For three years I have persisted in having a job that is the perfect job for me to have a chance at being in shape.  Some have called my job “the lowest in the food chain” but I have found that going on an hour walk three times a week has me going downhill.  I need much more, and in my job as a “shopping card herder”  I do around 7 miles 4 times a week, half of it pushing long chains of carts, jumping at the chance of doing all the heavy lifting  possible  with customers, and I’m known for jogging a lot to help a customer with purchases, or go get a stray cart.

 Of course that’s only a part of the need.  The rest I do at home putting a pack on my back and getting hours  in while watching Utah Jazz games, and other things on TV.  Right now, in April I’m doing it with a 50 lb. pack.  That will increase up to 65 pounds as the backpacking season approaches.  I also do 40 to 60 push ups during time-outs as seen in the YouTube video.

 Some of you might remember what happened last season.  I took 2-1/2 months off from my work to have one heck of a backpack summer.
 My first trip was a bust as everything was still snowed in.  I drove around, took photographs, checked with the Forest Service, and did YouTube videos reporting conditions, but didn’t get any exercise.
 The 2nd and 3rd trips and weeks were pretty much the same.  Trailheads snowed in, roads washed out, and bridges down.  The high country was inaccessible like I had never seen before.  The forest Service recommended waiting until August.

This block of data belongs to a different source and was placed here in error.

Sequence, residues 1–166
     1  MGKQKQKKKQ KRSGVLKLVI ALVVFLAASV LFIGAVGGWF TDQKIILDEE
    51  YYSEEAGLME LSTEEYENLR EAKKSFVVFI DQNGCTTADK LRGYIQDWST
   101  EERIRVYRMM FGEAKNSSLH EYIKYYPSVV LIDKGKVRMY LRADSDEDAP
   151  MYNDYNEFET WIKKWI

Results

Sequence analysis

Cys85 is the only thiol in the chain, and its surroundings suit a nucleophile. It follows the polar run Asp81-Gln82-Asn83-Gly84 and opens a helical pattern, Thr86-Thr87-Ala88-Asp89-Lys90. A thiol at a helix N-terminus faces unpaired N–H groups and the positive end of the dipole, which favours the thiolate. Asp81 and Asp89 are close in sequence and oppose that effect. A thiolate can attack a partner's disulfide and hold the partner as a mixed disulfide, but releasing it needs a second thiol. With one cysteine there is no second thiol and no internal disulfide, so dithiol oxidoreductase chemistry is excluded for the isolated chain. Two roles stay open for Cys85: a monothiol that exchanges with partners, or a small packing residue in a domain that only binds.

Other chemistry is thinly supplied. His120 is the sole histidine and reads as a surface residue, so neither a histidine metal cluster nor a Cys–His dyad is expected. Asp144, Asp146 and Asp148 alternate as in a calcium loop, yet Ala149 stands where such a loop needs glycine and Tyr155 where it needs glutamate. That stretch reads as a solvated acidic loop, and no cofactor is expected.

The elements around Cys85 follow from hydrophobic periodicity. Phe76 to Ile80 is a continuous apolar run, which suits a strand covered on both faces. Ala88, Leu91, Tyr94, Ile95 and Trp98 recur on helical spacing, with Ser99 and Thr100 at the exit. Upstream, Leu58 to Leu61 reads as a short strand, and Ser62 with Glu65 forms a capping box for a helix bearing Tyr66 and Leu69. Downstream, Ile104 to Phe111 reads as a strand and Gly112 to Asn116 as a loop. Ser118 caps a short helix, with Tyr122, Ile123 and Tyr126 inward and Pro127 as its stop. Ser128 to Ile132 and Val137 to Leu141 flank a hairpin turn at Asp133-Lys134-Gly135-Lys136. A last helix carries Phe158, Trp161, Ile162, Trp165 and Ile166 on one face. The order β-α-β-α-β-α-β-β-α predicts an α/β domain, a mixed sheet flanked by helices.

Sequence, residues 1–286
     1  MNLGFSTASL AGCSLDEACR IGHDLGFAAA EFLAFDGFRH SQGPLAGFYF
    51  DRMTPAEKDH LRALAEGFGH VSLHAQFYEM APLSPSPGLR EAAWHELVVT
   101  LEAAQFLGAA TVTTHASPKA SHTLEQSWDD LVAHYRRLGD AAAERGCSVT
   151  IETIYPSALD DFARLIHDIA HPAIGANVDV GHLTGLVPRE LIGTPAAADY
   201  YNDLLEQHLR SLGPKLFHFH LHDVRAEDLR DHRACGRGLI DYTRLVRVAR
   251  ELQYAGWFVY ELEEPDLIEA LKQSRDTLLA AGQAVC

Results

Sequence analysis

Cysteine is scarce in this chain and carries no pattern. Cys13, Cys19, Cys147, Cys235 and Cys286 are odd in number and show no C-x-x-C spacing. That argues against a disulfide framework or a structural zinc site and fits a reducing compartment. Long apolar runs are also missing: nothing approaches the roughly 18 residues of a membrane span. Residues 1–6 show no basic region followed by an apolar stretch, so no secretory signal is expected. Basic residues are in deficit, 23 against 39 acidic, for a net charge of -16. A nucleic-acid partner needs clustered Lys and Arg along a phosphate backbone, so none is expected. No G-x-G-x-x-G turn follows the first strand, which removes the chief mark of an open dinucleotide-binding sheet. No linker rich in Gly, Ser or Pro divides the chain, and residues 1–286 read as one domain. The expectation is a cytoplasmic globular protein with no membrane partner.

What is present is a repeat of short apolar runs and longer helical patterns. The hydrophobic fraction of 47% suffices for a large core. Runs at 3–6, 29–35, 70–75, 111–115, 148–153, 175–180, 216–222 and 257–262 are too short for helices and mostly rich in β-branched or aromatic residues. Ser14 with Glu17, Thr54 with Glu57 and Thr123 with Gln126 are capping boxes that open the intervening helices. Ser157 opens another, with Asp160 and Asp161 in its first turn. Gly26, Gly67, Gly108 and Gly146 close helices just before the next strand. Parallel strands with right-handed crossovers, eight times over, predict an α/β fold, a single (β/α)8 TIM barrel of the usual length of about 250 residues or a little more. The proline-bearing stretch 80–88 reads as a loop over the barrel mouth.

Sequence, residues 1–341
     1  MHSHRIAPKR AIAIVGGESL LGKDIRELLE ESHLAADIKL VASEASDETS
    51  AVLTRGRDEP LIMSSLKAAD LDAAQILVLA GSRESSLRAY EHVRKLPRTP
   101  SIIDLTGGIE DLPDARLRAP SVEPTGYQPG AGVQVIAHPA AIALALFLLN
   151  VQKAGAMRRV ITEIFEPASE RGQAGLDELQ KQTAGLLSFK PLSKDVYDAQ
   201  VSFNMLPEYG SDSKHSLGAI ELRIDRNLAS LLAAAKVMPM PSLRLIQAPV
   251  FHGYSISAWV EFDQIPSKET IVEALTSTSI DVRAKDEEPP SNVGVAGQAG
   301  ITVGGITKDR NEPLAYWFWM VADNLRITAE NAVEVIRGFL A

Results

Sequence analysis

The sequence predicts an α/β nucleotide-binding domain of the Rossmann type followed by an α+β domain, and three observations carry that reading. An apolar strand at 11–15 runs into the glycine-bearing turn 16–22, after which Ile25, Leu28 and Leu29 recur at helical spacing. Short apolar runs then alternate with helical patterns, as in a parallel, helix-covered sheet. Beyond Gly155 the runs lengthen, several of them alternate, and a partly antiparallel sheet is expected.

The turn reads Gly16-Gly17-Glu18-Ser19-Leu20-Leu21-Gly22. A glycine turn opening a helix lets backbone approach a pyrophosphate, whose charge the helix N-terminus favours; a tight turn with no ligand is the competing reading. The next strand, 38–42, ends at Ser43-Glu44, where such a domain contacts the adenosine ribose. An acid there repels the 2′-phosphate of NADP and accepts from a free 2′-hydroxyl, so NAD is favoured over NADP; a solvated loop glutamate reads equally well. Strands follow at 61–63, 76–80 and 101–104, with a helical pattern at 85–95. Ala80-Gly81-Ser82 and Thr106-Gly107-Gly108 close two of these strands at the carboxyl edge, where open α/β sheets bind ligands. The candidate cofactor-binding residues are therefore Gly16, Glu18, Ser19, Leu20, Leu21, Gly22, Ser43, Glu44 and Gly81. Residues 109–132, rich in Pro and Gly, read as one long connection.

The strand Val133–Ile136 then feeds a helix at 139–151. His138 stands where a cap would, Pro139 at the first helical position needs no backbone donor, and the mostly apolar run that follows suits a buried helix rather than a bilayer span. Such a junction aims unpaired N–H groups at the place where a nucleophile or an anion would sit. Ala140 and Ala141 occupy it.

I finally was able to get to a Trailhead and go backpacking, but found that a month of inactivity had really hurt me.   When you’re older you lose your conditioning much faster, and have a much harder time getting it back.  Being out of shape produced a domino effect–not just phsical weakness, but also my weakened condition had High Altitude Sickness slow me down.
 Having a tough time, I weakened in more ways than one, and dreamed of Forest Gump running around the country for 3 years, having accumulated a following, when he all of a sudden stopped turned around and was about to speak.  Someone yelled out, “Quiet he’s going to say something!”  He did, saying,
 I came to that conclusion too, thinking “I’m finished!”  
That was after my survival experiences on the trail to Garfield Basin, and again at Jackson Park frin where I headed down the trail with a terrific thunder storm bearing down on me all the way.  I moved pretty good and did the 6 miles in record time.  Pretty soon, reflecting on how well I did and felt, I recalled  how I’ve preached, “NEVER  GIVE IN!”

So I concluded I was far from finished.  I just had to keep working,  working out, and next summer work right up to the day before I put on my pack for my first backpack.  

Then I will be wise with that first trip and gradually get used to the extreme stress of high altitude hiking with  weight on my back and keep pecking away at my scheduled trips, one by one and do the best I can, but with a foundation of hard work, and feeding my body properly as will be outlined in Part 2.
So tune in to Part 2 that will be coming in a week or so.


This is the first of 3 parts to help us be able to have a great, successful, safe and even inspiring 2012 backpack season……and many more on into the future.  Each YouTube video will be followed by what I call “photo/essays” that some might just call “articles.”  They will be as I have done with subjects such as: 


Gear/Supplements  and many more listed on the Articles page.

These photo/essays will follow the same outline as the videos, using the same photographs, perhaps more information in the text, and the advantage of links to related subjects on the website, to more detail on the internet, and to all items recommended where you can instantly purchase at prices usually lower than you can get anywhere else.
Part 1:  PREPARE–2012 Schedule and Getting in Shape to Accomplish the Goals
Part 2:  Overcoming Obstacles with Good Nutrition and Supplements
Part 3:  Backpacking Equipment and Gear–what I will be using and newest gear.